John -

Thanks for the interesting info about the sailor who had served on the U.S.S. Nevada. In reading about the attack on Pearl Harbor, I remember two things about the Nevada. It was her bands turn to play the National Anthem at daybreak and they were involved in doing so when the first Japanese planes started their attack. They finished the Anthem despite what was suddenly going on around them! Then, she was actually the only battlewagon to get under way and make a break for the open seas, but the Navy was worried about the Jap planes suddenly concentrating on her and sinking her in the entrance to the harbor, so she was beached, and then pounded there of course. A proud ship. Glad you met one of her sailors.

Les


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 Post subject: Re: Off Topic (Marine Preservation)--U.S.S. New Jersey
PostPosted: Tue Apr 18, 2017 10:59 pm 

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Location: Houston, TX
My next door neighbor's son enlisted in the Navy straight out of high school in the late 1980's precisely because he wanted to serve on one of the Battleships. He trained as a gunners mate and went to sea on the Iowa in 1987. He was assigned to Turret 2 and was a gun captain when he was transferred to the Main Battery Director on the top of the foremast in March, 1989. Thus, his life was spared in the Turret 2 explosion of April, 1989. He knew everyone of those killed. He always said that it was a bad primer, and probably an over-zealous chain rammer operator. He never got over the accident.

Same thing happened on the USS Mississippi during WW2 but you can't find out much about it.

The Iowa's fired a 2700# Armor piercing shell, while the Yamato class fired only a 3200# AP Shell. It was claimed that the Yamato guns had a range between 25 and 26 miles, while the Iowa's only had a range of 23 miles.

Incidently, although it is a principle of naval architecture that a vessel should be armored against its own guns, no American battleship built for WW2, was actually successfully armored against the 2700# AP shell, as they were designed to protect only against the previous 2250# AP round. Only the Montana Class Battleships, which were never built were designed to be protected against the 2700# shell, which also would have been proven to be very effective against the armor scheme of the Yamato class ships as well.


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 Post subject: Re: Off Topic (Marine Preservation)--U.S.S. New Jersey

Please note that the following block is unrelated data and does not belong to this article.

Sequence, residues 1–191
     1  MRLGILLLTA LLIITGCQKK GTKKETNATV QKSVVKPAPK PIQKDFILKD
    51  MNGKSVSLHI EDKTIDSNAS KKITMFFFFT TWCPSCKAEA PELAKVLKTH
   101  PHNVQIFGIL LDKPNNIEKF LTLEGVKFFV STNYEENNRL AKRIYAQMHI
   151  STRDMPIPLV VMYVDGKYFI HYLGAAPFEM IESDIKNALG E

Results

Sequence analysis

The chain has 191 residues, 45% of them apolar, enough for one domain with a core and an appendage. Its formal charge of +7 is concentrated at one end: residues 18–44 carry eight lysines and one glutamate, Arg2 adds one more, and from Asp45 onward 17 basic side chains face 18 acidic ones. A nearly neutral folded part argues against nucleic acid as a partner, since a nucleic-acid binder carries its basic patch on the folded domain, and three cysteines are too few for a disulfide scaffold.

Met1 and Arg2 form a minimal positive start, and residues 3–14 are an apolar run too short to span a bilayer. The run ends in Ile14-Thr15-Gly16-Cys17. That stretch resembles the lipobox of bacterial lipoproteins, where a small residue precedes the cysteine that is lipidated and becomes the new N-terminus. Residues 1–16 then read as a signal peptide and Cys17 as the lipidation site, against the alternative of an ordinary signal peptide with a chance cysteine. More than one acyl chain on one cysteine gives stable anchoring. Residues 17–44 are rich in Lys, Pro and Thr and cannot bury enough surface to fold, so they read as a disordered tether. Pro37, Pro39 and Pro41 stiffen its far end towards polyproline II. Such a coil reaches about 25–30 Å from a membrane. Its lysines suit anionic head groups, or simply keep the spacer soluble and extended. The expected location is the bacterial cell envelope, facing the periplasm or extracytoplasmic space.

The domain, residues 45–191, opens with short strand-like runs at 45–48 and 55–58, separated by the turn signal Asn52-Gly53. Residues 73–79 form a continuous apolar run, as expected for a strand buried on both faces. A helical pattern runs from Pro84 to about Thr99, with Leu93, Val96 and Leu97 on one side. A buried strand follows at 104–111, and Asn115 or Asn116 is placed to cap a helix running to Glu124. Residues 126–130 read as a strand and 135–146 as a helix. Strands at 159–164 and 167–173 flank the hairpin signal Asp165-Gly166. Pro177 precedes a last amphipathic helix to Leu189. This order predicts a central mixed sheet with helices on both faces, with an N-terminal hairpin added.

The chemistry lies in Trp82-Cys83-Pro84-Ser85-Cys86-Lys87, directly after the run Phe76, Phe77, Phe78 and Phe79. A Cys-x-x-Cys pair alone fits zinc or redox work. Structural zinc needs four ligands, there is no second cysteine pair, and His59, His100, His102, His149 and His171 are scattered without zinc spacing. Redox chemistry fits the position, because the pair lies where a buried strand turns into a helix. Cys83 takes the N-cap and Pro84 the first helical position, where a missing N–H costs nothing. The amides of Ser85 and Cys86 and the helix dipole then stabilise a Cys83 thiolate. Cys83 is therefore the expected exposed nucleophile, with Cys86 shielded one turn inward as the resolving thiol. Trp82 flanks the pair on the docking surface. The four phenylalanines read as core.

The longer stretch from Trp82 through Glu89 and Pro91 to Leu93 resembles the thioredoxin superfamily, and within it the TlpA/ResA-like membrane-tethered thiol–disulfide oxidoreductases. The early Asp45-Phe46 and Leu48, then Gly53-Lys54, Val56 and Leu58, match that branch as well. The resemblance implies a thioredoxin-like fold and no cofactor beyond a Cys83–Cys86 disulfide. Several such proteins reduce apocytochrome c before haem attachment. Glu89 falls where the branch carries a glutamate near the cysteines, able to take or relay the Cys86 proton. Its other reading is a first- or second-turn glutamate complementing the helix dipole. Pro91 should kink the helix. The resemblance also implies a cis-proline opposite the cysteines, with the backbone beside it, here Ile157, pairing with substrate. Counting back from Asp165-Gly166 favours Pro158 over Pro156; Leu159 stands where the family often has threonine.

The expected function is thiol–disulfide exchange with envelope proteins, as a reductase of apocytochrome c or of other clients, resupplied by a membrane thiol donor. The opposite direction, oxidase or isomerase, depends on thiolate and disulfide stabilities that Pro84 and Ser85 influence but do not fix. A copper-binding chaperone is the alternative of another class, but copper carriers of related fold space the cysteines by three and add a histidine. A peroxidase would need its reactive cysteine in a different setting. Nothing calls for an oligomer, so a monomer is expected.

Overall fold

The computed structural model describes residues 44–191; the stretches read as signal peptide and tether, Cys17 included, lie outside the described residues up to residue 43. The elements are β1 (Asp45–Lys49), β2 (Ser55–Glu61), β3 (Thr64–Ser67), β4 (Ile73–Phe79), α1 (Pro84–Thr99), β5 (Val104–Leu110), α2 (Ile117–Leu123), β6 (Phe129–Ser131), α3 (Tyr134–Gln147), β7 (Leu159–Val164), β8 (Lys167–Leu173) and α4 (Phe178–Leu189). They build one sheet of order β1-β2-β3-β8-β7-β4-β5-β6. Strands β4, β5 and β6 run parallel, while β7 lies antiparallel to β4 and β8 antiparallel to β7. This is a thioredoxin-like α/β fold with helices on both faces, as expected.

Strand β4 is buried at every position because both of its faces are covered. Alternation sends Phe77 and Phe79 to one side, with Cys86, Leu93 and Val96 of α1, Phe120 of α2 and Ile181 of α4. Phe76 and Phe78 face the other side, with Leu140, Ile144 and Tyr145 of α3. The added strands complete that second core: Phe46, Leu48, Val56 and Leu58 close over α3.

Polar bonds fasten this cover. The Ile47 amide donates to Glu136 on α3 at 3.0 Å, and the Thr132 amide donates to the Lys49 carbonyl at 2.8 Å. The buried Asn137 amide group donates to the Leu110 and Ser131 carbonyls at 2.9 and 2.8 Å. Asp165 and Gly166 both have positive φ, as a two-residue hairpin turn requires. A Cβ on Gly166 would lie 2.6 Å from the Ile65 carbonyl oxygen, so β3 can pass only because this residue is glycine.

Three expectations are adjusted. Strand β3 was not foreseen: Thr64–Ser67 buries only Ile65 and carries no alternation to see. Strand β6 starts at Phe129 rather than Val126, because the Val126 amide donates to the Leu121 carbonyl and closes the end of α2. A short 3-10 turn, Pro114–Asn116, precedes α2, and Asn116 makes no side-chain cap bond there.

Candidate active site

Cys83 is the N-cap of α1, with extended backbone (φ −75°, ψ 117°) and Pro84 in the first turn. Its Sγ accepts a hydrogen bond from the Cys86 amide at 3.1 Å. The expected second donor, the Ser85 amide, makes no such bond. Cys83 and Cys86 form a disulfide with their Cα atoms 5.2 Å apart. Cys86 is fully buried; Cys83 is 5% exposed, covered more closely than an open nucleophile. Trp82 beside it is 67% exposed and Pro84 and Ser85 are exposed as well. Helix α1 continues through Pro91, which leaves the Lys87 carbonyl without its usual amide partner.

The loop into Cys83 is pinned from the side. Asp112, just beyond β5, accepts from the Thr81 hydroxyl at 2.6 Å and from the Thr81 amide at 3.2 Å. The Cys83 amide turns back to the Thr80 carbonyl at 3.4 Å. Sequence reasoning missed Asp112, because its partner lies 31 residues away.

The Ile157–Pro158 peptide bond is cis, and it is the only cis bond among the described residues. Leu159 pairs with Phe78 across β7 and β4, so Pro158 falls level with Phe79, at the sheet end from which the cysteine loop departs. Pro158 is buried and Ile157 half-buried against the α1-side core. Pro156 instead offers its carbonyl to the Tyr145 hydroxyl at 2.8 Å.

PostPosted: Tue Apr 18, 2017 11:42 pm 

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Posts: 209
Trainlawyer wrote:
One thing about the tragedy of the USS Indianapolis was that it was so unnecessary. The role of ego in making the loss so much worse was seldom discussed. At the time, General MacArthur was very much in competition with Chester Nimitz. He wanted no part in "taking orders from a lowly admiral" and so he saw to it that he was overseeing the 7th fleet. Nimitz as CINCPAC should have had ultimate authority over the entire Pacific fleet, but instead was in command of the 3rd or 5th fleet.


Sorry to take the thread off course, but I have done extensive reading and other research into the saga of the USS Indianapolis and I do not think MacArthur vs. Nimitz had anything to do with what happened. A colossal blunder made by Captain Oliver Naquin, a naval officer with CINCPAC who failed to relay to the Indy's captain, Charles Butler McVay III, ULTRA intelligence about the presence of a group of four Japanese submarines in the Philippine Sea, played a key part in shaping the disaster. What is more, he also failed to relay to McVay the fate of the USS Underhill, a destroyer escort sunk by a Japanese sub days before the Indy set sail for Leyte. Naquin was either A. arrogantly dismissive of the Japanese threat, B. so inept as to not know how to recast ULTRA in terms that did not disclose its source ("Patrol planes spotted four Japanese subs at [coordinates]") or C. a combination of both. If you ask me, Naquin deserved to be court martialed, not poor McVay. Perhaps Naquin's status as a hero of the sinking of the USS Squalus in 1939 (he was her commander) saved him?

Bringing the thread back on course, I am dismayed by how "high tech" the U.S. Navy seems to be getting these days. If the tried and true works, why try to perfect it? I agree that the Iowa class could easily shrug off a shore based missile hit or two (at least in their armor belts) but more modern, smaller vessels could be opened up like tinfoil by a missile if the ships' anti-missile defenses failed.